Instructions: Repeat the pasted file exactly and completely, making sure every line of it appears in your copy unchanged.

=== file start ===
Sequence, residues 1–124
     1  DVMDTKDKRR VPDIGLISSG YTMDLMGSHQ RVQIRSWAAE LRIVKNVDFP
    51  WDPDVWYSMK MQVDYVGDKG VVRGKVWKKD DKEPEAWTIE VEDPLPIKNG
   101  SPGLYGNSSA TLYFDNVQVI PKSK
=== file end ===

Sequence, residues 1–124
     1  DVMDTKDKRR VPDIGLISSG YTMDLMGSHQ RVQIRSWAAE LRIVKNVDFP
    51  WDPDVWYSMK MQVDYVGDKG VVRGKVWKKD DKEPEAWTIE VEDPLPIKNG
   101  SPGLYGNSSA TLYFDNVQVI PKSK